If your 5-year timeframe indicates improved economic conditions in your area, it is likely (but not guaranteed) home prices will appreciate at or above the rate of inflation. If the projected economic condition trend line is flat then home price apprecition will more than likely also be flat.

This is why it is also important to look at both job growth and income growth. In some parts of the country job growth is good but only at the low end of the wage scale. This will have a tendency to hold home prices down. On the other hand you have have slower job growth, but if the over income for the area is increasing (hard to have happen but it is possible) home prices can be enhanced.

Good luck in your decision making process.

Craig



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Other things to look for when thinking about resale is to avoid houses on busy streets, that back to busy streets or industrial/commercial areas.

Stand outside and listen for sounds of a nearby freeway or any other undesirable sounds.

Check with the local police/sheriff department for activity in that neighborhood.

Look for a home with a view or backing to trees, open area or field; on a culdesac, in an area of good schools.

Try to buy one of the cheaper houses on the block/in the subdivision.

3 bedrooms are better than 2, 2 bathrooms are better than 1. Garage is better than none; basement if they are common in the area.

If a house has been for sale for a looong time, find out why (generally one visit to the home will make it obvious), and it could just be overpriced.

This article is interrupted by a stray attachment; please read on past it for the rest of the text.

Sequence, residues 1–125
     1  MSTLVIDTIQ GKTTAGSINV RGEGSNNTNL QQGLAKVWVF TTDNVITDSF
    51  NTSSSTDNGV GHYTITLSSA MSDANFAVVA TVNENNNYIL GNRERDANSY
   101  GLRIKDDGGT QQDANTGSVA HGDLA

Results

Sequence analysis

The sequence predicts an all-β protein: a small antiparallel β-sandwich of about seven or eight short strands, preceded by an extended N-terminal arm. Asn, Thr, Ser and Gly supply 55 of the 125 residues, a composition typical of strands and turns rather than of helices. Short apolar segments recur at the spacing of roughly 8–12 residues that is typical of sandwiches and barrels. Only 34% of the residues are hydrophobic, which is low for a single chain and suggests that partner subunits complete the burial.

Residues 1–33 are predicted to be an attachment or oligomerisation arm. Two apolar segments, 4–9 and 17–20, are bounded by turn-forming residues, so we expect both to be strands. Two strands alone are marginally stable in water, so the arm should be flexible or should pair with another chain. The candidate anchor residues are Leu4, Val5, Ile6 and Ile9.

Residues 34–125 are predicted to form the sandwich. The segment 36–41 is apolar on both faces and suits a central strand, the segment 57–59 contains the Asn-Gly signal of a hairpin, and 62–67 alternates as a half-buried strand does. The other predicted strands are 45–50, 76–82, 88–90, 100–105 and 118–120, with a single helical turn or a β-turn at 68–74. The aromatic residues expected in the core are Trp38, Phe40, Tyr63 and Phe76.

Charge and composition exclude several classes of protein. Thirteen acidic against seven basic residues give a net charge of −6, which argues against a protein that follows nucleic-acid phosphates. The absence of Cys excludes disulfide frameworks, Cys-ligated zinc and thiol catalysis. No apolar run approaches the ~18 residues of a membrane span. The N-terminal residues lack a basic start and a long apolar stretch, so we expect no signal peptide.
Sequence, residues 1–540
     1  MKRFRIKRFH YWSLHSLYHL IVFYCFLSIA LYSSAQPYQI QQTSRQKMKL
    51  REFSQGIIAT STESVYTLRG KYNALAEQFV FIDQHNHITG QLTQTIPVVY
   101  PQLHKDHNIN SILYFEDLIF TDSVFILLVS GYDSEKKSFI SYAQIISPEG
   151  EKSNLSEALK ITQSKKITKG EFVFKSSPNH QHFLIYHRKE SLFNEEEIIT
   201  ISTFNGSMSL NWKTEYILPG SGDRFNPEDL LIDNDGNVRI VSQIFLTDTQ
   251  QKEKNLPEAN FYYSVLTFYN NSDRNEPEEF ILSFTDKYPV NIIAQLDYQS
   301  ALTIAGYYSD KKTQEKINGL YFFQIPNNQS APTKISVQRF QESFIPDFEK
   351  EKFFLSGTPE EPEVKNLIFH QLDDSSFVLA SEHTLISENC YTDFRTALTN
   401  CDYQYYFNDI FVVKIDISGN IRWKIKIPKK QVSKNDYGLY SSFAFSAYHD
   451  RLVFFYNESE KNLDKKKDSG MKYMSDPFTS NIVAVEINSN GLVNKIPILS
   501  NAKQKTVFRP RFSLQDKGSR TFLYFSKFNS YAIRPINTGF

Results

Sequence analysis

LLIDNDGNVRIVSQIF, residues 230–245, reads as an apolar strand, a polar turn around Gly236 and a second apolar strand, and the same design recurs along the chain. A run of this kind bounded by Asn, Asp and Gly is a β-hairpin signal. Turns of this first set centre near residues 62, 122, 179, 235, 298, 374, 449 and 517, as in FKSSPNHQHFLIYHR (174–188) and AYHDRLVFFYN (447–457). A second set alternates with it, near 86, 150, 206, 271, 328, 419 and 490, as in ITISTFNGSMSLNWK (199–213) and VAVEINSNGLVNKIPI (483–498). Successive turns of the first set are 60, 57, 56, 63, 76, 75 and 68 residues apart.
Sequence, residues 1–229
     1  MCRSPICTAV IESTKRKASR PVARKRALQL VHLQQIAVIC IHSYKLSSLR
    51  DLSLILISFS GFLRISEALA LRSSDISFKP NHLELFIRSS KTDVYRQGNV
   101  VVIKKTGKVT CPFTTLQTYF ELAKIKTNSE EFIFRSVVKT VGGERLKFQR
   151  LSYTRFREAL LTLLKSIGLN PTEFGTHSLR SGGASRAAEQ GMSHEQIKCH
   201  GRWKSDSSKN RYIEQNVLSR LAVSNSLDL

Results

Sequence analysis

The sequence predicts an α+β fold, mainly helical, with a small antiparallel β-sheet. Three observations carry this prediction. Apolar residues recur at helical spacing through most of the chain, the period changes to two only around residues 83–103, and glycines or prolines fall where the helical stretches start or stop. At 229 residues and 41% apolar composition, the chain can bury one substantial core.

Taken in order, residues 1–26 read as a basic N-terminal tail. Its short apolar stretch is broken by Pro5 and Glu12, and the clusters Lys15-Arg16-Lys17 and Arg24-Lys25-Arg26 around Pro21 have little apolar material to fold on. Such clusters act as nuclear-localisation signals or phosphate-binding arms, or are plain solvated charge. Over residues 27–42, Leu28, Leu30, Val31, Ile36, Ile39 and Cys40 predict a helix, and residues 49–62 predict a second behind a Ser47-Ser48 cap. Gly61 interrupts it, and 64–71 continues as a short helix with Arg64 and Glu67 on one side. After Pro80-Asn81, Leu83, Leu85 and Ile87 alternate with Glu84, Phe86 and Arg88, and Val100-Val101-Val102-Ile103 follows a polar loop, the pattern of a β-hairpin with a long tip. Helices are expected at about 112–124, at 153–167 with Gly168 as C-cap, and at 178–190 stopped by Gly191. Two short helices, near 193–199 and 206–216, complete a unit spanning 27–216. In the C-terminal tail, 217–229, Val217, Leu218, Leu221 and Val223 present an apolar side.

Follow the other advise you have rec'd, and you will do fine.

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Actually,

You stand a very good chance of making money back and then some by buying a distressed property (comes in varying degrees from serious to slight) Get the appropriate discount to market. (A buyers-agent realtor can help you determine this) Use the home inspection report to haggle a hefty discount, put some sweat equity into the house and you'll do just fine.

You should obviously have some handyman skills or good friends/relatives who will help you in order to do this. The money saved on lower payments can be put back into the house i.e. materials and labor.

You stand a better chance of finding cooperative sellers in a sellers market.

Good hunting!

Curtis
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Tasha,

While it is always good think about the future, you also have to rememeber that you are going to live there, and you should at the very least like your house, if not love it!

"I cannot afford to buy as much house as I would like..."

Join the club! :) Be thankful that you at least can afford a house.

The other posters have pretty much cover what you should look for. I would only point out that buying a house which backs onto vacant land could be detrimental, because you never know when another Wal-Mart could pop up. (If the land were dedicated parkland, or otherwise restricted, then that would be best.)

Hope this helps!

Dan
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One of my concerns is that everything I have looked at in my price range is a "cookie cutter" home. Obviously, they are starter homes. With 3 kids, we need space. The houses with some brick are obviously worth more. Should I give up space for more value down the road with brick?
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Square footage and location will be far more valuable than "some brick"
IMHO.
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Square footage and location will be far more valuable than "some brick"

I understand brick is an attractive feature in tornado-prone areas.

rad
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I understand brick is an attractive feature in tornado-prone areas.

I grew up in a tornado prone area.
And brick is attractive because it's attractive. Not because it's any better in a tornado.
Tornados will take down masonry buildings as well as stick-built ones.

I lived in a masonry home, and we took shelter in the basement.

And those homes with brick facades - where it's one row of brick on the exterior - they're purely for looks - they have no significant structural impact, except a hail storm doesn't dent brick. :)